BlockFi is bankrupt, where did it all go wrong?

  • BlockFi has become the latest company to file for bankruptcy, citing ‘significant exposure’ to FTX
  • He sued FTX to recover Robinhood shares he alleges Bankman-Fried had pledged as collateral
  • BlockFi’s bankruptcy was a long time coming, as the company was rescued by a $400 million credit facility from FTX earlier this year
  • Regulation just needs to come in space as customers continue to feel pain

Another one biting the dust.

In a move everyone saw coming, BlockFi filed for bankruptcy on Monday.

Court records from the troubled crypto lender reveal it has over 100,000 creditors and blames “significant exposure” to insolvent exchange FTX. This is yet another dark mark on the crypto notebook, which is quickly running out of space.

BlockFi bankruptcy was coming

BlockFi had suspended withdrawals following the collapse of FTX nearly three weeks ago. As investors at Celsius, Voyager Digital and so many other platforms will tell you, it’s usually the straw that breaks the camel’s back. It’s hard to earn customers’ trust when you, you know, don’t let them get their money out.

And so the filing this week is no surprise. BlockFi said it was hoping for a resurgence. He revealed cash of $257 million, which he says is enough to see him through bankruptcy proceedings, allowing him to avoid debtor-in-possession financing.

Call me a cynic, but I don’t see how the company is recovering from this. BlockFi adviser Mark Renzi asserted that BlockFi is “well positioned to move forward despite 2022 being a particularly terrible year for the cryptocurrency industry.”

Hmmm. If that’s what’s in the right place, then I have to take English lessons again. As I said, I don’t see how customers will trust BlockFi with their funds again. Not to mention that glaring big hole in their balance sheet and the small matter of literally filing for bankruptcy.

BlockFi sues FTX

BlockFi is also suing FTX to seize shares of Robinhood that the lender alleges Sam Bankman-Fried pledged as collateral against loans it has now defaulted on. Bankman-Fried bought 7.6% of Robinhood shares earlier this year.

The added legal issue — aside from filing for bankruptcy, just to be clear — just underscores how messy and incestuous this all is. As I wrote when dissecting the next step in crypto, Bankman-Fried had their hands in many pots, and the process of unraveling this debacle won’t be fun.

Much of this has to do with Luna’s collapse earlier this year, which was supposed to be when FTX’s sister trading company, Alameda, called in a lot of loans, after getting caught in the fray itself. contagion. FTX sent client assets from the exchange, with the now-defunct FTT token pledged as collateral. The same token that FTX created, ie.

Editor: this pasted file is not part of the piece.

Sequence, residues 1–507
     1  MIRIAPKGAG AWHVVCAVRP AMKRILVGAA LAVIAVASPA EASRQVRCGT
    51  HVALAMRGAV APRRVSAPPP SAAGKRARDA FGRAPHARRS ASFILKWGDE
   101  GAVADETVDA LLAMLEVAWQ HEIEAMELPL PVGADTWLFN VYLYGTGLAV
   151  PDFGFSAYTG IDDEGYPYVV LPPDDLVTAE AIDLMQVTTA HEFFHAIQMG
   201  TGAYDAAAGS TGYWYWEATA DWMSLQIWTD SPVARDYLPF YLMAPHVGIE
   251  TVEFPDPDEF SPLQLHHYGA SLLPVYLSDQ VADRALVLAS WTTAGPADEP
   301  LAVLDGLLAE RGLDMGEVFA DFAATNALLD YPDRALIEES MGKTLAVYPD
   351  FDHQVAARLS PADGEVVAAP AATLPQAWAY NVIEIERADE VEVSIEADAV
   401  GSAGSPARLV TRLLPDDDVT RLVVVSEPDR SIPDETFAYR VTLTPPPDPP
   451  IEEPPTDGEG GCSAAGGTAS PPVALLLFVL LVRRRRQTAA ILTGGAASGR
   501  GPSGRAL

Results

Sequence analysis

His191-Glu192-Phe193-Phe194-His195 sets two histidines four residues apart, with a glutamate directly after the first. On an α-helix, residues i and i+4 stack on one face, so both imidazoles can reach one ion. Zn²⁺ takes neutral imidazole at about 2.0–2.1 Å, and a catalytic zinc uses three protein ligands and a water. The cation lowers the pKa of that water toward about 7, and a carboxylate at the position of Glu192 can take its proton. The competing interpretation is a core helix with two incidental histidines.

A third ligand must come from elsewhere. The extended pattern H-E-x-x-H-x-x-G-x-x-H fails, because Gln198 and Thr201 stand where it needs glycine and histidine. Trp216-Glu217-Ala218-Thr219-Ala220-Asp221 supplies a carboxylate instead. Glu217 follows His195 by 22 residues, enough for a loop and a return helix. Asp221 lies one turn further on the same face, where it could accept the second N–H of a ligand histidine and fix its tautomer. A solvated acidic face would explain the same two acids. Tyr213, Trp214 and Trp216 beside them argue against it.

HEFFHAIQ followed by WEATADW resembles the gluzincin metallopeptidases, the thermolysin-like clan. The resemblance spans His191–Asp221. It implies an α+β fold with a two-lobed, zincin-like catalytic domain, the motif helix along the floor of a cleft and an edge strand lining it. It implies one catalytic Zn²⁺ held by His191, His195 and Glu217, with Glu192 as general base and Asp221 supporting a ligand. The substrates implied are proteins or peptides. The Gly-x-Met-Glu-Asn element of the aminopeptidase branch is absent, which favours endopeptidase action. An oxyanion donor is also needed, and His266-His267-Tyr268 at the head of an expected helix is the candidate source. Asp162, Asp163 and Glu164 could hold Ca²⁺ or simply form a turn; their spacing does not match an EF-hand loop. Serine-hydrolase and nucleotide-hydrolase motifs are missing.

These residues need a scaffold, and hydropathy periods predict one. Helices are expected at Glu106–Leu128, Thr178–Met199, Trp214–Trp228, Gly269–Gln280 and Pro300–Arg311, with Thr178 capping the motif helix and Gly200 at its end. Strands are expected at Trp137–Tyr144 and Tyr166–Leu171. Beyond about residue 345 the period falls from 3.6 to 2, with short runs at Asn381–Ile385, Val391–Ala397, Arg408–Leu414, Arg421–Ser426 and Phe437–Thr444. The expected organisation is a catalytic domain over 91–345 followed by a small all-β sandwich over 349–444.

BlockFi had its own issues amidst this, of course. They were forced to sign a deal with FTX for a $400 million credit facility (I told you – incestuous!) in order to keep the doors open. The deal also gave FTX the right to acquire BlockFi at any time through July 2023.

Ironically, it’s that same white knight – Sam Bankman-Fried – who is now unleashing the latest batch of contagion, having said that’s exactly what he was trying to counter with all his bailouts earlier this year. And this time BlockFi fell.

While creating this coin, I came across the tweet below I made about BlockFi reacting to the Celsius implosion by sending me an email announcing higher returns. I think it’s fair to see some of these companies practicing less than stellar risk management, don’t you think?

What’s next for BlockFi customers?

Unfortunately, customers now face a long wait. Like, a really long wait. Mt Gox, the former exchange that once held 70% of the Bitcoin trading market, went bankrupt in 2014 and customers still haven’t seen a dime.

Hopefully, it won’t be that long, but Chapter 11 isn’t an overnight process. As John Ray III stated in court filings shortly after taking over the management of FTX to guide them through the bankruptcy process, “Never in my career have I seen such a complete failure of corporate controls and such a complete lack of reliable financial reporting as has happened here”.

And it was the same John Ray III who oversaw the Enron bankruptcy, one of the worst cases of bankruptcy in financial history.

It was already obvious, but it is becoming more and more so by the day: the cryptocurrency space needs a complete regulatory overhaul. At this time, a little common sense would also be nice.


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